Protect Yourself By Making Disclosures
When it comes to disclosures it’s hard to know how far to go. Yes, our Beverly Hills Real Estate Agents suggest you disclose when in doubt. When explaining conditions, remind yourself that “less is more”. Do you remember someone telling you if you are ever required to do a deposition, to answer “that question” and then stop?
Additionally, our Beverly Hills Realtors recommend that you don’t add extra words of explanation, you may only be opening yourself up to 10 more questions and a direction that was never intended.
Let’s say the question is “Are there defects to walkways and sidewalks? Please explain”. It would be safe and advisable to point out the sidewalk that is raised and that walkway and garden walk that has cracks saying “cracks are noted in the following areas”.
Our Beverly Hills Listing Agents say to go further by explaining that the cracks were caused by a tree is not smart because you are marking an assumption, which may be proven wrong.
To disclose that during heavy rains water penetrates the garage is advisable, but to say that the water is coming from a poorly graded driveway may not be entirely correct. What if water is also coming from a neighboring property or from a slab that was not property waterproofed? Let’s suppose you disclose a roof leak near the chimney.
Are you sure that is where the leak is or is the water simply coming in from there? Let’s suppose you believe the problem is caused by a chimney flashing. Are you sure that is the cause? Most Beverly Hills Listing Agents will tell you less is more and that you should make no assumptions. Let’s suppose you fixed the leak and since the repair, it has not rained. Is it fixed?
The answer is you don’t know. A handful of Beverly Hills Real Estate Agents would highly recommend that you say there was a roof leak with the water dripping in near the chimney, we do not know where the leak originated from.
In October 2016 we hired XYZ Roofing Company to repair the leak, work order notice is attached. XYZ Roofing Company could not guarantee that their repairs would survive future rains. We have had only minor rains since and have not noticed any leaks since. Room was entirely painted in November 2016.
Another example is a disclosure saying there is an airport within a mile. This is fine. But now, your neighbor reveals that you complained previously that your plants kept dying and your garden furniture showed traces of jet fuel from presumably jets passing overhead.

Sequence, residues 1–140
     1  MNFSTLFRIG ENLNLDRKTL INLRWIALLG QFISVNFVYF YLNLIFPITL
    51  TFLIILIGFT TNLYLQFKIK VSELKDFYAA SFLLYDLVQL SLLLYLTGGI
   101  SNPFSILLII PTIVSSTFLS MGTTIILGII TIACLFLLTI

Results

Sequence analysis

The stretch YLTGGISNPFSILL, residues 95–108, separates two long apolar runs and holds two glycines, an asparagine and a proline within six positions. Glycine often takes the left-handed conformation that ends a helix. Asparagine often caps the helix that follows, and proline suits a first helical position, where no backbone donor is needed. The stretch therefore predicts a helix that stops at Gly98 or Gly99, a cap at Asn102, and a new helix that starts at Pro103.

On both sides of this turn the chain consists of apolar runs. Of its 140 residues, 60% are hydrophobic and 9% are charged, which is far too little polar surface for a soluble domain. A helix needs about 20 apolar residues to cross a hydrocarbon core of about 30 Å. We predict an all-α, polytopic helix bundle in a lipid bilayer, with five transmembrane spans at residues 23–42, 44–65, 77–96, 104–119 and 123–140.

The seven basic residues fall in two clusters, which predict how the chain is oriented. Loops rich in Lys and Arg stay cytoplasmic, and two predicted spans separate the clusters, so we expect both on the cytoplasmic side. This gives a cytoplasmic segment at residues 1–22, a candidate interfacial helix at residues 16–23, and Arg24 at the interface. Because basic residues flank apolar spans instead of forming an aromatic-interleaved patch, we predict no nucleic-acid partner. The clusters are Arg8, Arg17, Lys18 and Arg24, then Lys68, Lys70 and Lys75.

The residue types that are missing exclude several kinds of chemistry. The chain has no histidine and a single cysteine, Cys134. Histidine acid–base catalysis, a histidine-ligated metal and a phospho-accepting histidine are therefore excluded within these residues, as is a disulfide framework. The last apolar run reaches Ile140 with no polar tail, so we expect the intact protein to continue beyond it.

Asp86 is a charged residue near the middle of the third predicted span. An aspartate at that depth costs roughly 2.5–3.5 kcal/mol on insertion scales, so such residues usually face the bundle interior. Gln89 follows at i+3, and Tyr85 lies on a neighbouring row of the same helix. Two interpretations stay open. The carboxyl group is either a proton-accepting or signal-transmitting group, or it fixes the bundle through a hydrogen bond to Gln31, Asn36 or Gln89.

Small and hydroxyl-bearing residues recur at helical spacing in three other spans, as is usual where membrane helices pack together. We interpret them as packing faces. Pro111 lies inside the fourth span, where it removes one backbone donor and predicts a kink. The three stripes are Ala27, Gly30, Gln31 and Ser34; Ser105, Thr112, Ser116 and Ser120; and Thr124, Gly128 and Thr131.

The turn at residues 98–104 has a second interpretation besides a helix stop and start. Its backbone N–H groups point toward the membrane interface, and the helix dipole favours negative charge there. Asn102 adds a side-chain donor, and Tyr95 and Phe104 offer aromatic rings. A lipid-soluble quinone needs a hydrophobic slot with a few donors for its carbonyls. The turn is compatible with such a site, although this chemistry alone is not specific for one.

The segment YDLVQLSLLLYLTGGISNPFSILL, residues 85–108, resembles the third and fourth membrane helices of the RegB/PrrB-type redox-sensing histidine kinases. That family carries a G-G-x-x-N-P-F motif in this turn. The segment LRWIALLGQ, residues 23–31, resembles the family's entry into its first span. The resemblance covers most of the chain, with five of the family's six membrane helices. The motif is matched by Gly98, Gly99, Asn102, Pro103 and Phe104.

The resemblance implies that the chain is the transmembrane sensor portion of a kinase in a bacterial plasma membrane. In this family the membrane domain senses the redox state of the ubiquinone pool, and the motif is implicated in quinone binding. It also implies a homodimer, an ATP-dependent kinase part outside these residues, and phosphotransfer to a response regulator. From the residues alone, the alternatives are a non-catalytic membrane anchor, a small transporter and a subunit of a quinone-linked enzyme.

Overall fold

The jets causing the problem is an assumption, but the fact that your plants and furniture continued to show traces of a sticky oily substance is a fact, and that should be disclosed.
Our Beverly Hills Realtors say that you should consider the question, “Have you had any plumbing problems?” Let’s assume you have needed to employ a rooter service on several recent occasions to clear a blockage. It is reasonable to say just that. We would not explain that the reason was a diaper, or even tree roots. Are you absolutely sure what caused the problems?
Maybe these things simply aggravated a much more extensive problem. Let’s now suppose the new buyer speaks either with a neighbor or a plumber who proves that you received an estimate to replace the entire sewer line and you chose instead only to do a minimum maintenance. What if a lawyer could prove you knew the entire sewer needed replacement?
If you got an estimate to replace the sewer and had knowledge that it needed replacement, our Beverly Hills Real Estate Agents suggest you disclose that and provide the estimate you received. You might state it as such. “In the past 18 months I cleared the sewer line 4 times, currently it appears fine.
This sewer is old and could need replacement at any time. Enclosed is an estimate we received in December 2016”. With this disclosure, you have made it clear to the new buyer.
Take the disclosure process seriously, but don’t freak out. If you’ve left a trail by getting estimates and making comments to a neighbor who could testify to these statements, cover yourself by making a full disclosure.
For comments, questions, or information, call Ron Wynn at (310) 963-9944 or email: Ron@RonWynn.com